When the driver of the car which struck and killed Shayne Hunter's longboarding son walked through his front door, he was greeted with a big hug and a few tears.
Mr Hunter's son, Tristan, died on Friday night on the Kapiti Coast when he fell off his longboard while skating down Maungakotukutuku Rd, near Paraparaumu, and was hit by a following car in a "freak accident".
When he got the horrible news that his son had died, Shayne and Kim Hunter were in Wanaka and rushed home to be with their other children, Maegan, Aimee and Melissa.
Loved ones gathered at the Hunter household in Raumati South yesterday to support one another and included in that group was the driver of the car which hit Tristan, 21.
"We had family and friends here yesterday and we felt he should be here too. We were just a bit concerned that he would be on his own and we felt it was important he was amongst friends and to know that we obviously can't and don't hold anything against him," Mr Hunter told the Herald.
"It's just a horrible situation that we all have to deal with. Ours is worse in many respects than his but he's probably got some memories he'd rather erase if he had the choice. He's coping but he's hurting."
Mr Hunter said his wife and and three sisters didn't blame the driver for Tristan's death and called it "a freak accident". Mr Hunter believes the car was following his son as a safety precaution, to make sure other vehicles didn't scream past and endanger Tristan.
Though the details of the crash aren't clear, it appears Tristan fell off going around a corner without the following car knowing, then when the driver saw the longboarder on the road, swerved to avoid hitting him, hit a bank and bounced off it then back on to Tristan.
"There were people at the top making sure cars weren't coming down so they were being safe, it was just a bugger of a thing to have happened."
Mr Hunter didn't know the status of the investigation being conducted by Kapiti police and the Serious Crash Unit, but if it was left up to him the driver would not be charged.
"I think he's suffering plenty and I don't know what the benefit would be for him to go through that process. I don't know what the police will do but if they ask us [whether] we would press charges, no we wouldn't press charges because we don't believe that it was anything other than a freak accident."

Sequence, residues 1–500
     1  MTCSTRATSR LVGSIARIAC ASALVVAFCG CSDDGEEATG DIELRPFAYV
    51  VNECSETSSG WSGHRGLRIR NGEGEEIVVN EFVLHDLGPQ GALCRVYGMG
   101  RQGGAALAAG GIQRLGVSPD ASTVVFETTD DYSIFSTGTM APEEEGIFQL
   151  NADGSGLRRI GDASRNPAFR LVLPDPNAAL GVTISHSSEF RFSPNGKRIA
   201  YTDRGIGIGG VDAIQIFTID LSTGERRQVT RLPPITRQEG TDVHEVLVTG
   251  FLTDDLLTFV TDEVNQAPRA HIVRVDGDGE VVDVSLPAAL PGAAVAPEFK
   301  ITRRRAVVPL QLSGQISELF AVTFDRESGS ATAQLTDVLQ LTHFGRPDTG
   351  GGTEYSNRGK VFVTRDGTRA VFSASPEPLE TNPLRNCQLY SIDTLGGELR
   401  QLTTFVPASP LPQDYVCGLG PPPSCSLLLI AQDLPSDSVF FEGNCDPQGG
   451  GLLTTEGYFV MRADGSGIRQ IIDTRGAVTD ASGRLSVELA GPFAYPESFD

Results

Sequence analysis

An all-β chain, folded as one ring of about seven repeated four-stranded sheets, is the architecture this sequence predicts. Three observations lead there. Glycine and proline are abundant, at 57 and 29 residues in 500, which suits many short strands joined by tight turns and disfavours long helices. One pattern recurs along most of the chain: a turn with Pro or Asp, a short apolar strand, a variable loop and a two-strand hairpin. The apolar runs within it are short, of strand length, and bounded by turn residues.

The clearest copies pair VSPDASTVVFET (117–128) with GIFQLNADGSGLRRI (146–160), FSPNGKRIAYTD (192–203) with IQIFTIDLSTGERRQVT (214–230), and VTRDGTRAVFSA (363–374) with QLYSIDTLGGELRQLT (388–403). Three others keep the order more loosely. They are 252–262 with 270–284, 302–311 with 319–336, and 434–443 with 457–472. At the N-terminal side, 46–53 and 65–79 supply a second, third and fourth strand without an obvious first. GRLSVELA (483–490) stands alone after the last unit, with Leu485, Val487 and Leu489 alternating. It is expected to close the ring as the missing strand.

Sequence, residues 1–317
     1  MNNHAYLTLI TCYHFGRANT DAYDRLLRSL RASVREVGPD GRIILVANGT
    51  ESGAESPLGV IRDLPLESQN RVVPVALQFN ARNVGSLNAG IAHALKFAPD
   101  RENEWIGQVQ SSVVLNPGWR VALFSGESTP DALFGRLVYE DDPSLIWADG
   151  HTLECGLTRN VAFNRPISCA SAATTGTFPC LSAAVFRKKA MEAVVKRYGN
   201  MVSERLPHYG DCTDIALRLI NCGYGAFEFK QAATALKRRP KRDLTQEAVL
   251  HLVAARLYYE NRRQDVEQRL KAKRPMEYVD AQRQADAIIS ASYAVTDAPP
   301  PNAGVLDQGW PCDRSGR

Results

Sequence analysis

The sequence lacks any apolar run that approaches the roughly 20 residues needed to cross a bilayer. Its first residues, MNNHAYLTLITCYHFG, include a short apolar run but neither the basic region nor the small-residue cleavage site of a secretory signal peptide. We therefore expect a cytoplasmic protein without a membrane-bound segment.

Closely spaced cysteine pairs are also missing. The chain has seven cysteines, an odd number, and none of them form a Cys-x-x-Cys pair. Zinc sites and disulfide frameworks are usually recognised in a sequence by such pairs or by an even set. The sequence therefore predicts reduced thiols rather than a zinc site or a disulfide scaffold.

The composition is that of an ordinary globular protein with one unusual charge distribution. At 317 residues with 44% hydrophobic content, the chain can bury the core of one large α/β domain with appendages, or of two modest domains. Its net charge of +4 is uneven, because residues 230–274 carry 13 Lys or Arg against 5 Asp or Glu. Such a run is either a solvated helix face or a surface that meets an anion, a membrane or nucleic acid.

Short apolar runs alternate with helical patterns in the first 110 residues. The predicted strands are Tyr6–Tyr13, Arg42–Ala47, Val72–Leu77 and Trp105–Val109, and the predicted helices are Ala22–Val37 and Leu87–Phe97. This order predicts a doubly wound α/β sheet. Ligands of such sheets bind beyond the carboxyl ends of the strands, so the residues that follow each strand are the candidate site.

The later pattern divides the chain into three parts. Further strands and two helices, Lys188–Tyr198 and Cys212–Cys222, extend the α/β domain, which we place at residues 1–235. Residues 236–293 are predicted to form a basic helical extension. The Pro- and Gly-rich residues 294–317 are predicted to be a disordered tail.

Everyone involved in the sport knew the risks involved, but Tristan loved it and had aspirations to become a pro longboard rider. He was regarded as one of New Zealand's best and was set to travel to California next month to chase his riding dream.
Mr Hunter said the outpouring of grief and support from people across the country was a comfort.
"I don't think he had an enemy in the world. I just think he was universally liked."
The family spent yesterday feeling "pretty numb" but Tristan's death is starting to sink in today, he said. Thankfully, family, friends and the Kapiti Coast community had rallied behind the family and were supporting them through this difficult time with plates of food, wine, beer and bags of coffee.
As well as a flood of Facebook messages and posts, a song was dedicated to the 21-year-old at the Coastella music festival in Paraparaumu over the weekend.
Hunter is at least the third longboarder to die on New Zealand roads in the past four years and his death is reigniting debate about the safety of the growing sport.
Late last year, police told the Herald that it is not unlawful to skate on a road because they are classed as vehicles but it "is just very unwise, given the significant risk of serious injury to a skateboarder if [they collide] with another vehicle on the road".
Operations manager of road policing, Inspector Peter McKennie, said police strongly advised people against skating on the road as there is a "significant risk" of serious injury.
However, because a skateboard is classified as a vehicle, skaters can be charged with careless or inconsiderate driving of a vehicle without causing injury or death and careless or inconsiderate driving of a vehicle causing death or injury.